To view resources from this training, click ATTACHMENT links Recording coming soon!   Event Description Statistics reveal a concerning trend: a significant number of men who have died by suicide had visited a healthcare provider within 30 days prior to their death. This alarming fact underscores the urgent need for more effective mental health interventions and support systems within rural settings. This session aims to shed light on the critical intersection of masculinity, mental health, and rural life, and explore how everyday places—such as doctors' offices, churches, workplaces, and community gatherings—can become gateways to meaningful conversations and interventions. Key topics will include: Understanding the barriers to mental health support for rural men, including stigma, limited resources, and cultural norms. Strategies for healthcare providers to initiate mental health conversations and recognize warning signs during routine visits. The role of churches and faith-based organizations in providing support and breaking down the stigma associated with mental health issues. Integrating mental health awareness and support into workplaces, especially in industries predominant in rural areas. The importance of Integrated Behavioral Health positions in creating a holistic approach to health care in rural settings. Trainer Andrew Jordan Thayer, PhD, LP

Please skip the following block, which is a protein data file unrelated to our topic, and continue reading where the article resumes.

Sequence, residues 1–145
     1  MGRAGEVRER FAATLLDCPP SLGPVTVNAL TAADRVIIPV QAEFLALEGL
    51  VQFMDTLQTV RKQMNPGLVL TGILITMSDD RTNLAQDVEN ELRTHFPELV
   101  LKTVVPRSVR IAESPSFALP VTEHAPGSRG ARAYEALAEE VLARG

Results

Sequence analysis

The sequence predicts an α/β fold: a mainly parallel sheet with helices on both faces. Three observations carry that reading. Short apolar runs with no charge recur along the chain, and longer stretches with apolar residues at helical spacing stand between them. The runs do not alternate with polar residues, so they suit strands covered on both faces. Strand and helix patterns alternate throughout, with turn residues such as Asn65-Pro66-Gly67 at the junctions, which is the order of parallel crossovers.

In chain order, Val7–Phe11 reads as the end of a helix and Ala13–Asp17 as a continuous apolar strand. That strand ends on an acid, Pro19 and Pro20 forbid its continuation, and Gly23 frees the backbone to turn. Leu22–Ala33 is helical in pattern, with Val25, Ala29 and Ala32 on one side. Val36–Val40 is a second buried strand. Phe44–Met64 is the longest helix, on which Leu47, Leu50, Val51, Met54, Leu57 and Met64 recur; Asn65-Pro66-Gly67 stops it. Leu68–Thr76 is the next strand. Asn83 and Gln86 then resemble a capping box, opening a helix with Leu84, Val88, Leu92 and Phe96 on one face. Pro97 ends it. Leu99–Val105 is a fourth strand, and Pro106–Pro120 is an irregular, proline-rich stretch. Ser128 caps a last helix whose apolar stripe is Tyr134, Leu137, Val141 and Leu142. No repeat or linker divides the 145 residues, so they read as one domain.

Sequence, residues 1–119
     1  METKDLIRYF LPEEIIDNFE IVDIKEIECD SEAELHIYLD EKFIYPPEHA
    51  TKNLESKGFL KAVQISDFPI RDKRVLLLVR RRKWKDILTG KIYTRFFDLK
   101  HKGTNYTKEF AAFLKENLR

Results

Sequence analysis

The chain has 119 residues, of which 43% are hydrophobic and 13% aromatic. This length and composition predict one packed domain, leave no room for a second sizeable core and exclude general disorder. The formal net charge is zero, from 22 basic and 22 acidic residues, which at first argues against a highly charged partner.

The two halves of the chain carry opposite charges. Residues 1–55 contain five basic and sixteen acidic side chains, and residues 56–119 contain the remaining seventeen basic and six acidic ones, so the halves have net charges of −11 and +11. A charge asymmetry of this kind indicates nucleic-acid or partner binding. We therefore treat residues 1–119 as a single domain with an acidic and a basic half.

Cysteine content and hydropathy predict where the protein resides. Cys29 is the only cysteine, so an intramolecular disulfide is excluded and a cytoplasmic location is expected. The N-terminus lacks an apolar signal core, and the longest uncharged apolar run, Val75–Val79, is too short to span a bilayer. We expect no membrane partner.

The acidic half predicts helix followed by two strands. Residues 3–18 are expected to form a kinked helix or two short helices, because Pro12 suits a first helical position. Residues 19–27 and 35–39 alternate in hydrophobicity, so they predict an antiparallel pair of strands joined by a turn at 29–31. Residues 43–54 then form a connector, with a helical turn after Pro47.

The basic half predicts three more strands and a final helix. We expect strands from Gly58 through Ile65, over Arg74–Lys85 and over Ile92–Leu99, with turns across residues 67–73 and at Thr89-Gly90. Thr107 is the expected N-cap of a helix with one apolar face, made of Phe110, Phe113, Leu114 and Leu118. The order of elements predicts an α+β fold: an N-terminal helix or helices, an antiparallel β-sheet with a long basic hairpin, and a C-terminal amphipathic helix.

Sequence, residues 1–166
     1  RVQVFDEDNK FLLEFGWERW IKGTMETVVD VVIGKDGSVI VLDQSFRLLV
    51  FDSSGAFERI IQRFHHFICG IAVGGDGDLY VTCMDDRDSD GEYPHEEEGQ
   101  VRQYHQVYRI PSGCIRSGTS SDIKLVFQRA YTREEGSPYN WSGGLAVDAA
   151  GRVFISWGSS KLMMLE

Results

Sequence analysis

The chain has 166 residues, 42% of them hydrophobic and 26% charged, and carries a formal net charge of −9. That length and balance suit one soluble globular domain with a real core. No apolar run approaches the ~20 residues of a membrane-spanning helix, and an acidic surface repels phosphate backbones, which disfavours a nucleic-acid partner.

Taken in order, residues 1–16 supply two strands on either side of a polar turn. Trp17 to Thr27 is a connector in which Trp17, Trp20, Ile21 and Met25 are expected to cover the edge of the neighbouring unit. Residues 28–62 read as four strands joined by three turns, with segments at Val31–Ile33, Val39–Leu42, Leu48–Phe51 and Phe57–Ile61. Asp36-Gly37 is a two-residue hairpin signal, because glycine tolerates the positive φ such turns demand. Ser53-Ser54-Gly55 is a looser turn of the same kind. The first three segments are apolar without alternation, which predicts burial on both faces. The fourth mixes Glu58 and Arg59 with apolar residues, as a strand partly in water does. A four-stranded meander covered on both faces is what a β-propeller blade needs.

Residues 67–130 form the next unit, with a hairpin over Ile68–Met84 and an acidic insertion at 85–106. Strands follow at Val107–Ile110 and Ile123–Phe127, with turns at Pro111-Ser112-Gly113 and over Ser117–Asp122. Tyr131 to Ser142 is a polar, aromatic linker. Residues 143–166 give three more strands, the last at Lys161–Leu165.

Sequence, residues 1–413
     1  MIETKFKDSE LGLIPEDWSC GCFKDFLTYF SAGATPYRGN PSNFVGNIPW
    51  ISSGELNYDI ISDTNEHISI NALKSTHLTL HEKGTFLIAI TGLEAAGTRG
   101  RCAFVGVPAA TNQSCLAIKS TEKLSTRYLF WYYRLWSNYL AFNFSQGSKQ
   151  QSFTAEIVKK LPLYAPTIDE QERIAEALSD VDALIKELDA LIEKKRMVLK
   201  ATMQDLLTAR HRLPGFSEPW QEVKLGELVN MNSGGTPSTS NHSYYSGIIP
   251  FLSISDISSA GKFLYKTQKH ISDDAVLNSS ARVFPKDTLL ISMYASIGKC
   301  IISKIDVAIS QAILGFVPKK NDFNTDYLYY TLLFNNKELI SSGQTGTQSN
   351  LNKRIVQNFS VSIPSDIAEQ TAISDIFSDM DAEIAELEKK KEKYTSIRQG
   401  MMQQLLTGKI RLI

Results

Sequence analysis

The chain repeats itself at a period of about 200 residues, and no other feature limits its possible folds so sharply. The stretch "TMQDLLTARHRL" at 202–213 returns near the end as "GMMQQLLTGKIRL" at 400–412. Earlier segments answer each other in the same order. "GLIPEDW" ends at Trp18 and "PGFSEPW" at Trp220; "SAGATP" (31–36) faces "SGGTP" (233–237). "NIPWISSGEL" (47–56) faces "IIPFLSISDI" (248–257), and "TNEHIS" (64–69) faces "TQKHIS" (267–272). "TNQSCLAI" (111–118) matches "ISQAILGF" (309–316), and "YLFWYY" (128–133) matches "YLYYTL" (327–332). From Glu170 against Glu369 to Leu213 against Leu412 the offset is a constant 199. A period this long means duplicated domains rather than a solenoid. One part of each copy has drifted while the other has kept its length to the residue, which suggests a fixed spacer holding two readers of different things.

Published: April 3, 2024
Presentation Slides